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What You Need to Know About the Water Restrictions in Cape Town

by Lara Behrens
8th January 2018 City Stay
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Cape Town is facing one of its worst droughts in living memory. Since 2001, the city has had a water conservation and demand management policy to reduce its water consumption. These efforts kept overall water demand relatively stable until 2014, when demand started to rise. Due to a combination of lower rainfall in the winter of 2016 and 2017, and a relatively slow initial governance response to the drought, the city officially declared a water crisis in 2017.

In early April 2017, Cape Town was down to its last 100 days of water. The water levels in the dams that supply the city had fallen to 20% of their capacity. In response, the city imposed Level Four water restrictions. These include stricter limits on residential water use and strongly recommend a limit of 100 litres per person per day. They also include a ban on irrigation, and a 350 litres per day cap on the free basic water allocation for impoverished households, regardless of household size. On 05 September 2017, these restrictions were escalated to Level Five!

Given that Cape Town is currently facing significant water shortages and can expect more frequent droughts in the future, the time has come for more carefully planned long term interventions.

In an attempt to reduce water usage, some hotels have implemented the following initiatives:

  • Bath plugs have been removed = saving +- 50 litres per room / per day
  • Shower heads and taps are being fitted with aerators = reducing water usage by 50%
  • Timers are being installed in showers
  • Cistern capacity has been reduced
  • Guests will be asked to leave any used bottles of water in their room for housekeepers to collect and recycled
  • Bed linen is changed every other day
  • Guest will be requested to re-use towels

The current water restrictions may impact on guests experience when staying in Cape Town, however it is now necessary for hotels to do their bit to respect water restrictions, and we ask for guests' understanding.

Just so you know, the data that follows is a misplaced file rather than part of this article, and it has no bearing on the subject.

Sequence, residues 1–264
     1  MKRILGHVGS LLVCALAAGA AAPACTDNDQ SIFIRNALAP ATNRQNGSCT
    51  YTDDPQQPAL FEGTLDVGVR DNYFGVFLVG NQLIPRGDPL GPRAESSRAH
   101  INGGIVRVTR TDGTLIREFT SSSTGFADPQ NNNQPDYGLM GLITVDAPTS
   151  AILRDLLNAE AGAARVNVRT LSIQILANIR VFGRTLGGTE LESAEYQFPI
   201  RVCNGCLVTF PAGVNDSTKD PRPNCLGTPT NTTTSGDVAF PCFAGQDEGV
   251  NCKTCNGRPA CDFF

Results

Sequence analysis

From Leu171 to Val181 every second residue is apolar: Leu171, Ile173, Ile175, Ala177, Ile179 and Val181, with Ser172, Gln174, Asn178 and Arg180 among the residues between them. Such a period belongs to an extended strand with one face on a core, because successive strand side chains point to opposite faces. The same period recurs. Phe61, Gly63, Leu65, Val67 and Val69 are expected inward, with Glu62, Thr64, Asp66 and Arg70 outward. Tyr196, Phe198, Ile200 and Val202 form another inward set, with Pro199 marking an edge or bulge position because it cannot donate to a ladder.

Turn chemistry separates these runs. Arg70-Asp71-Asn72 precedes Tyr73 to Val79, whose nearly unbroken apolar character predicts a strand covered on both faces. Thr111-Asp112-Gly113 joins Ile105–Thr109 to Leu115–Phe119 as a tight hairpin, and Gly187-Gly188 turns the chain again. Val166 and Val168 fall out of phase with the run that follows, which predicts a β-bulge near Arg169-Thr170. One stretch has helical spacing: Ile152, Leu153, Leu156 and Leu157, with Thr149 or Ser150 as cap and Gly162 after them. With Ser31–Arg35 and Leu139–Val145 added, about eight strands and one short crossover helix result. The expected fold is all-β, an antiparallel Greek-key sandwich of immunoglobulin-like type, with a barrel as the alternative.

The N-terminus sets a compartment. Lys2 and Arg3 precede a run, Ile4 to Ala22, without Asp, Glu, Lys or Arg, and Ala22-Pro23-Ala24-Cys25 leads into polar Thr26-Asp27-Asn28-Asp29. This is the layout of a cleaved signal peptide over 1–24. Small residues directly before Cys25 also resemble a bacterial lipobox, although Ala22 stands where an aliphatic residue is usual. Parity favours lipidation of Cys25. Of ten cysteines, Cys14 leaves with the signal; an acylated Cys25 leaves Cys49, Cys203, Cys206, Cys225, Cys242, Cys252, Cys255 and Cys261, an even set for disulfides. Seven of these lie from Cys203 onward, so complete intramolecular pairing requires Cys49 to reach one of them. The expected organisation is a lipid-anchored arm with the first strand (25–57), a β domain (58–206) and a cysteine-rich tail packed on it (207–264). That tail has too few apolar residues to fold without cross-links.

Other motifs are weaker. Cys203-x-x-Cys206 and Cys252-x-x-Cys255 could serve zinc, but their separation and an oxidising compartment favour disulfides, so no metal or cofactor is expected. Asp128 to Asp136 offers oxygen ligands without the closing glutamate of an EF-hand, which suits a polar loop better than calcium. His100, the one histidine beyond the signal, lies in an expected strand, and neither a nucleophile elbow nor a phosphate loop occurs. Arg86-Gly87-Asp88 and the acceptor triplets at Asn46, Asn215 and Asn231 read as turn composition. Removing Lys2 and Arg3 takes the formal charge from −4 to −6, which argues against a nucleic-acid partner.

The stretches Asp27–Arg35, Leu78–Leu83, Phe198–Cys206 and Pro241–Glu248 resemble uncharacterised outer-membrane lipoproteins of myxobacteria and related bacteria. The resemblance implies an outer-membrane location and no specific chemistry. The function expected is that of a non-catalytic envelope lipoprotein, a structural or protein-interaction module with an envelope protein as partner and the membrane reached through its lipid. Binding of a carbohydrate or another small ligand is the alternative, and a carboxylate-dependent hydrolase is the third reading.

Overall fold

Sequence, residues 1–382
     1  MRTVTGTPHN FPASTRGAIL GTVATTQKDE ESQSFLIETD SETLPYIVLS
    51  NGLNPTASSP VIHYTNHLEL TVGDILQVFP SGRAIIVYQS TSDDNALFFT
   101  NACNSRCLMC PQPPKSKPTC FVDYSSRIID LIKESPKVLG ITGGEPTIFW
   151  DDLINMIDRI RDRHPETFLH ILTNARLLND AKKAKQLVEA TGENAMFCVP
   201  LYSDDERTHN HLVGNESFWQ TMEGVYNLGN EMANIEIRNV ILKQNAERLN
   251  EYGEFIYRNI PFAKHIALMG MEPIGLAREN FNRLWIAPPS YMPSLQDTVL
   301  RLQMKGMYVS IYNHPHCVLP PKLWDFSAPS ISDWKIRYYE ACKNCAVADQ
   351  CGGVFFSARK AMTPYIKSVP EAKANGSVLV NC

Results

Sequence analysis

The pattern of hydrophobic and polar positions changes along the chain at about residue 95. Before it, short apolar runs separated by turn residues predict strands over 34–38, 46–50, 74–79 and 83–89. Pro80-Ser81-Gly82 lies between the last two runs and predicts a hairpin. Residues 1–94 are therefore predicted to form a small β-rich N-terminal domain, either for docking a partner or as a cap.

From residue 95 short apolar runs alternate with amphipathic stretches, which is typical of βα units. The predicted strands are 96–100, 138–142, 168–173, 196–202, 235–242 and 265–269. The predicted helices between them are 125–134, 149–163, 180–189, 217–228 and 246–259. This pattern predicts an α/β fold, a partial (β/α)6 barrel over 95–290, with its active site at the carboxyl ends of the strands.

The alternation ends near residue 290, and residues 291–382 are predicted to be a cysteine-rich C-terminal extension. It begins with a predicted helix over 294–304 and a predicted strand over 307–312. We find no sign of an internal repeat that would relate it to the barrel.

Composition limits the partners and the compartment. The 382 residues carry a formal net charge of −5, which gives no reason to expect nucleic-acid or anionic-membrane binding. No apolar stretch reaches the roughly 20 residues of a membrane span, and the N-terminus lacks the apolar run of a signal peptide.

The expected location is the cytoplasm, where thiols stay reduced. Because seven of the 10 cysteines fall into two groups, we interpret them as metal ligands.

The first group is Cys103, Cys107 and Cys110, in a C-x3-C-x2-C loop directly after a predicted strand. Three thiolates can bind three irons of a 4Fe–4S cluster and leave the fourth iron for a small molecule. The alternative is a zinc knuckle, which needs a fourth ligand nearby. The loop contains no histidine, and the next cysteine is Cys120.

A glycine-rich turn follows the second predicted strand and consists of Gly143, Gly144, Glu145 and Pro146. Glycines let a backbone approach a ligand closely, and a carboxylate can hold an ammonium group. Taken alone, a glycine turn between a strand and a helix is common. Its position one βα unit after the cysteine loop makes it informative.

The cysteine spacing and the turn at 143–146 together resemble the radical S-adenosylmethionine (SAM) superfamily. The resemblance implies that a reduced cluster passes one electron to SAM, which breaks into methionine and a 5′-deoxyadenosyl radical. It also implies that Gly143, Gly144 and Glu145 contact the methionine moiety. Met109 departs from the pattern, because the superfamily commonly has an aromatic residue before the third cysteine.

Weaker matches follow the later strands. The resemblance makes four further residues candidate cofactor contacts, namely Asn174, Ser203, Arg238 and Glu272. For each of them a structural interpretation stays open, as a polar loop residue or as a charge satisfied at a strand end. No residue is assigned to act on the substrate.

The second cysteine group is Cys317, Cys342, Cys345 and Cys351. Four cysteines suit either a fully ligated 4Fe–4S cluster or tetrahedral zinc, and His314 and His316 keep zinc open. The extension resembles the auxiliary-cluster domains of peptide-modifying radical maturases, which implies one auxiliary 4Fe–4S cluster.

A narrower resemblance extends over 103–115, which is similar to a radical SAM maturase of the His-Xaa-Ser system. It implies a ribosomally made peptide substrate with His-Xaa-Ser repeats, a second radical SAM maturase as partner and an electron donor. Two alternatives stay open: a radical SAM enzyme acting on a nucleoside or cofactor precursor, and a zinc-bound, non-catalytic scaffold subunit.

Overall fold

A word from our friends at Cape Cadogan Hotel, Cape Town

We need to all do what we can to reduce the amount of water consumed. Our aim is to reduce our consumption by at least 20%, year on year. While a number of initiatives have been implemented from an operational perspective, thankfully many of our guests are environmentally conscious, and are working closely with us through their mindful consumption of this very scarce natural resource. You will notice that our swimming pools are empty. In line with the Cape Town City’s decision to close many of its public pools, we elected to do the same in an effort to prevent needless waste of water. We have also included some water-saving tips for your convenience below, and are so grateful for your understanding as we collectively unite to support our beautiful city during this very challenging time.

A word from our friends at One & Only, Cape Town 

We are seriously committed to drastically reducing water usage across the resort. We have invested heavily in our resources, technology and water saving initiatives in order to do so.

With water at critical levels, we’re taking every possible step to effectively manage our water consumption and encourage our guests to ‘Save Like A Local’.

A word from our friends at Cape Grace, Cape Town 

We have been implementing supportive measures to protect this precious commodity since 2016, and continue to do so in light of the Western Cape’s water crisis. 

Some of our initiatives include:

  1. All guests being reminded on check-in on the severity of the drought in person, via collateral with their keys and signage in public areas, their bedrooms and bathrooms.
  2. Hand sanitiser bottles are gifted to each guest during the course of their stay reminding them of the need to conserve water.
  3. New showerheads and aerators on our taps to reduce the flow of running water.
  4. Pressure reducing valves on the hot and cold water feeds into each individual room.
  5. Screens on all cooling towers to reduce spillage and evaporation.
  6. Use of local water wise plants throughout the hotel and use grey water to water our gardens.
  7. We have removed treatments from our Spa that use large amounts of water.
  8. Our Pool has been treated with an oil-based liquid called Heatsavr, a Liquid Pool Blanket which is a non-toxic and not harmful to the environment.  It acts as a natural oil insulation, minimising evaporation. 
  9. Our baths have been “unplugged” in an effort to further reduce water.
  10. We are in the process of finalising the installation of our own Water from Air plant – this ground-breaking technology uses the humidity in the air to create water which allows us to be less dependent on municipal water
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